THE UNIVERSITY OF SHEFFIELD                 PHY213

DEPARTMENT OF PHYSICS

Autumn Semester 2013-2014                  Laboratory Exercise

STELLAR STRUCTURE AND EVOLUTION

This lab exercise is to be completed during the four lab sessions in E36 (the astro lab) on Fridays at 14:00-17:00 during weeks 8, 9, 10 and 11. Please note that you are expected to complete this lab exercise on your own - working in groups is not permitted.

On completion of the tasks set out below, you will be required to hand in a full lab report to the Departmental Office (Hicks Building, room G12) at the end of week 12 (Friday, December 20th, 2013).

This lab is worth 20% of the total marks available for the PHY213 module.

The breakdown on the right-hand side is meant as a guide to the marks that can be obtained from each part. 75% of the marks from each part will be awarded for content, with the remaining 25% awarded for presentation.

 1 Write a computer program (or spreadsheet) to solve the Lane-Emden equation for a range of polytropic indices (n = 0, 1, 2, 3, 4 and 5). Show your results in the form of a (computer generated) plot of dimensionless density, , on the y-axis versus dimensionless radius, , on the x-axis. For each solution obtained in part 1, use the results of your program/spreadsheet in conjunction with linear interpolation to determine the value of when = 0 to an accuracy of three decimal places. [20] 2 Determine which of the six polytropes you have calculated best describes the structure of the Sun. You should do this by plotting graphs of log density (in units of kg/m3), mass (in units of solar masses), log pressure (in units of N/m2) and log temperature (in units of K) versus radius (in units of solar radii) for both your polytropes and the Standard Solar Model (SSM). How do your calculated values of density, pressure and temperature compare with the SSM at the core and surface of the Sun, respectively? Comment on the likely source of any discrepancy. [20] It is imperative that you include with your final report a fully commented printout of the computer code you used to perform the above calculations. If you use a spreadsheet, you must describe the equations used to calculate the data in each column and show some example pages. It is not necessary, however, to attach all the pages of the spreadsheet.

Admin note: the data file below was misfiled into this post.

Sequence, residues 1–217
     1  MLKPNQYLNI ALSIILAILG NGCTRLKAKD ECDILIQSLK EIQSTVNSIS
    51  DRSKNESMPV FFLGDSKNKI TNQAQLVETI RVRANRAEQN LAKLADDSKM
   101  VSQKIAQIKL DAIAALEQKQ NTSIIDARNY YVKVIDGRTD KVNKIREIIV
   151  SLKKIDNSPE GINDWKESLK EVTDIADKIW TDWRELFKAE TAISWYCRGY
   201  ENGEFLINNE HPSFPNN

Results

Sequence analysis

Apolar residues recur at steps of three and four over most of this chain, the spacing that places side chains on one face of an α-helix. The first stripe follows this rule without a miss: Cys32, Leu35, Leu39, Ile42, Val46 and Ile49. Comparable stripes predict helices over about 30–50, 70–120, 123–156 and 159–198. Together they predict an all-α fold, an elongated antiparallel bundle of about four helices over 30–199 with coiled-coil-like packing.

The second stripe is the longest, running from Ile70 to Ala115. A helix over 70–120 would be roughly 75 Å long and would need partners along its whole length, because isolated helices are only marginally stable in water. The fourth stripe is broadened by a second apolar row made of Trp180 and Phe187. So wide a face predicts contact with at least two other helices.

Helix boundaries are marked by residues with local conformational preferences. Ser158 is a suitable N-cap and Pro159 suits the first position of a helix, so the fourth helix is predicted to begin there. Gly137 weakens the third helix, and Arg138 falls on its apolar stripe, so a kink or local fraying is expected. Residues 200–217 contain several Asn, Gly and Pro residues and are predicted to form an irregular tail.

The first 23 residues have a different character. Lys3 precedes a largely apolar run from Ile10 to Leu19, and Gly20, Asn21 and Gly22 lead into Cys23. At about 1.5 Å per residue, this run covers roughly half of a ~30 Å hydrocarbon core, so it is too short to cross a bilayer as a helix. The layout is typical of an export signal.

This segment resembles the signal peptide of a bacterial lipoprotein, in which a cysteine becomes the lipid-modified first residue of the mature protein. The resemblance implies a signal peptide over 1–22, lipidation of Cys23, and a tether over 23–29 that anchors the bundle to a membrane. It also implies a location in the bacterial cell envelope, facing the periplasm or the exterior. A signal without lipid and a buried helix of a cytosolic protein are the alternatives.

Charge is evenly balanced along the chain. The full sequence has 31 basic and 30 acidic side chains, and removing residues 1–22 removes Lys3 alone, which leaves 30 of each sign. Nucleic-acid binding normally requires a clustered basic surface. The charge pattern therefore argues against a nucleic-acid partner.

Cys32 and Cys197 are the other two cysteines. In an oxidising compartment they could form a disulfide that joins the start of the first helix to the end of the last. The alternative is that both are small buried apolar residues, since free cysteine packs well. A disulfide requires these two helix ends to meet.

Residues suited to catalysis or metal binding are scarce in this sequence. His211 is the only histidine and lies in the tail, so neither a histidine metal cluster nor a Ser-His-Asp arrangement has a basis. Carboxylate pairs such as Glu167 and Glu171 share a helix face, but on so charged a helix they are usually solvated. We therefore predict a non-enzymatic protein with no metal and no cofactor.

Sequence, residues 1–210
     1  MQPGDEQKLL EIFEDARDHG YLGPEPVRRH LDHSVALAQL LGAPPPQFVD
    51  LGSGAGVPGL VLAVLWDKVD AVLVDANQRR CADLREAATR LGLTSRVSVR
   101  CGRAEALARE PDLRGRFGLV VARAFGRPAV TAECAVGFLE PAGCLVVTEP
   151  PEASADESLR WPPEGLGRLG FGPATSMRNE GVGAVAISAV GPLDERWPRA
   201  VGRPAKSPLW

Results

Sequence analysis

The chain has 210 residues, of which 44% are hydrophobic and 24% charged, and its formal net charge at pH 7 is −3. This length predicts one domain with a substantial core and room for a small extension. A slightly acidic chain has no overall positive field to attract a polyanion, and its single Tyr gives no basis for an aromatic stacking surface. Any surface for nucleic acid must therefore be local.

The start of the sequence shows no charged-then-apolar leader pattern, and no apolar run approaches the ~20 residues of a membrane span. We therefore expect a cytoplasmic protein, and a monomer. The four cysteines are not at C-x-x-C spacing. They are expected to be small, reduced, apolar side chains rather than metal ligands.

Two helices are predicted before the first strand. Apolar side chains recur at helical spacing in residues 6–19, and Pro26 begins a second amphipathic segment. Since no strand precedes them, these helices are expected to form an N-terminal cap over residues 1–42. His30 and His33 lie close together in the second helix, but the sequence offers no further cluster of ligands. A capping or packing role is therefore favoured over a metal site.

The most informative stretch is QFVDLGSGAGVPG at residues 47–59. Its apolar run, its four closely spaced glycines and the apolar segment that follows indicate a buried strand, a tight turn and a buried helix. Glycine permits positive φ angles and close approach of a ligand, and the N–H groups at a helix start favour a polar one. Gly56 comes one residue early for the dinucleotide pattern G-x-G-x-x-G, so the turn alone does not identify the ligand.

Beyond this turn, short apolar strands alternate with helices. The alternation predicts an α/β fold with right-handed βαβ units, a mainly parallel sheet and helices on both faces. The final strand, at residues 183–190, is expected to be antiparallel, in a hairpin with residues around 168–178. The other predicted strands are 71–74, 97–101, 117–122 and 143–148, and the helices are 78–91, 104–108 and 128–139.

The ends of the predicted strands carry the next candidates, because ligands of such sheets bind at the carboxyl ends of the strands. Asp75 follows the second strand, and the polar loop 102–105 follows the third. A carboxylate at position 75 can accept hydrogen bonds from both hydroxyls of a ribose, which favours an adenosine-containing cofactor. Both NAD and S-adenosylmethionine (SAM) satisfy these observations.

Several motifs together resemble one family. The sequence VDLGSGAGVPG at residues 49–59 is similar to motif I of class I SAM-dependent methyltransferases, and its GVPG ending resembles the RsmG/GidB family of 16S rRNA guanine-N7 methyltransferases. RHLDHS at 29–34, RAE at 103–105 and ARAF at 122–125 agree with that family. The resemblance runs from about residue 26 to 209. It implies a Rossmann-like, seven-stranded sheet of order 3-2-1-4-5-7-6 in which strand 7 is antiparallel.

FURTHER INFORMATION

1. The relevant pages of the PHY213 notes that you will need to refer to are polytropes (http://www.vikdhillon.staff.shef.ac.uk/teaching/phy213/phy213_polytropes.html) and solving the lane-emden equation (http://www.vikdhillon.staff.shef.ac.uk/teaching/phy213/phy213_le.html).

2. A very clear description of linear interpolation is given at this url: http://en.wikipedia.org/wiki/Linear_interpolation.

3. The Standard Solar Model is available at this url: http://www.sns.ias.edu/~jnb/SNdata/sndata.html. It is recommended that you download the latest model - BS2005. You should make clear in your report exactly which model you eventually decide to use.

4. A list of fundamental physical constants and astronomical quantities can be found by clicking on the c symbol in the top right-hand corner of this web page: http://www.vikdhillon.staff.shef.ac.uk/teaching/phy213/phy213_course.html.

5. A guide on how to write a laboratory report is given at this url: http://www.vikdhillon.staff.shef.ac.uk/teaching/phy217/info/labreport.pdf. Some of the details given in the guide are obviously irrelevant, e.g. this laboratory exercise is a theoretical one and does not really have errors (although the starting point and step size of your integration will introduce errors in your model, which you might like to investigate). Also, the assessment breakdown given in the guide is slightly different to the one adopted for this laboratory, which will be 75% for content and 25% for data presentation, language and style. On the whole, however, I expect you to adopt the good practice outlined in the guide when you come to write your report.

Vik Dhillon, 21 November 2013